Art in General to Present First New York Solo Exhibition for Arts Collective Postcommodity
Exhibition Features Newly Commissioned Work,
Exploring the Use of Decoys at the US-Mexico Border
Coyotaje on View March 24 - May 6, 2017
NEW YORK—FEBRUARY 10, 2017—On March 24, Art in General will present a newly commissioned installation by arts collective Postcommodity, marking the group’s first solo exhibition in New York. Composed of artists Raven Chacon, Cristóbal Martínez, and Kade L. Twist, Postcommodity’s multidisciplinary practice reveals and examines Indigenous cultural narratives and their relationships to broader social, political, and economic dialogues and actions. For the exhibition titled Coyotaje, Postcommodity continues its several years-long investigation of the military and economic life of the US-Mexico borderlands, highlighting the complex dynamics between US Border Patrol, the communities living in the San Pedro River Valley region, and individuals moving across the border. The exhibition is made possible through Art in General’s New Commissions Program, and is part of the Brooklyn nonprofit’s season-long exploration of the politics related to geographic boundaries and the histories, possession, and accessibility of land.
“Coyotaje moves the conversation on border security beyond simplistic, mass-oriented appeals, and instead examines the real-life experiences of those living and moving near and around the border. An incredibly relevant topic in the US over the last several years, Postcommodity’s work breaks down some of the arbitrary and falsely-created barriers among peoples of this region, and looks to establish new constructs that speak more readily to the social, geographic, and cultural histories of these borderlands,” said Kristen Chappa, Art in General’s Curator and Programs Manager, who organized the project. “Art in General is thrilled to make possible Postcommodity’s first New York commission, especially at a time when expanding awareness and understanding of these histories and realities is so essential.”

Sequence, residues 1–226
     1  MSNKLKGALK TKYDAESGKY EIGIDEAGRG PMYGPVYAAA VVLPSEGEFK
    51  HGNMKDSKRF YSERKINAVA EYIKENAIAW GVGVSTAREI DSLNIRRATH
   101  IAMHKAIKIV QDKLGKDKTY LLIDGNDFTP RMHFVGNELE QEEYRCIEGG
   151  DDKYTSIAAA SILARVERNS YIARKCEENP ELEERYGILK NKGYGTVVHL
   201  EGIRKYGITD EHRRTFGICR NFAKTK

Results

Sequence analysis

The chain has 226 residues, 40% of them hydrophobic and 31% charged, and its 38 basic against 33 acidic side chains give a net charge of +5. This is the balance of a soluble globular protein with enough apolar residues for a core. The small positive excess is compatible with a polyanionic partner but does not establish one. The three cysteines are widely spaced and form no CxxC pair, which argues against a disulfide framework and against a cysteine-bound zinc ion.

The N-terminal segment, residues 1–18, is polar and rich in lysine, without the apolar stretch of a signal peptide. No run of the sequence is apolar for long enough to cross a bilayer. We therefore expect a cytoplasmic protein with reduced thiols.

As part of the project, Postcommodity engaged the US Border Patrol in a dialogue on the role of decoys in its offensive and defensive operations. Decoys are sometimes used by US Border Patrol to apprehend individuals trying to cross the border, to push passage in specific directions, and to discourage illegal crossing into the United States. Given that many individuals encounter decoys in darkness, they have become shrouded in mythology, taking on auras and personas drawn from local folklore and oral traditions.
Coyotaje will feature a large-scale inflatable sculpture inspired by Postcommodity’s conversations and their intimate knowledge of the Douglas/Agua Prieta landscape, as well as a multi-channel sound work that references sonic decoys used by border agents. Conceived as potentially functional decoys, the works highlight the peculiar nature of these forms, as they represent both the tactical needs of agents and the cultural manifestations of those who encounter them. The exhibition will also include didactic materials and other works created by Postcommodity that further articulate a range of perspectives and narratives on the subject. Details on possible interactive components are currently in development.
Postcommodity will also be featured in the upcoming editions of the Whitney Biennial and documenta 14, both of which will highlight the group’s previous work of similar subject.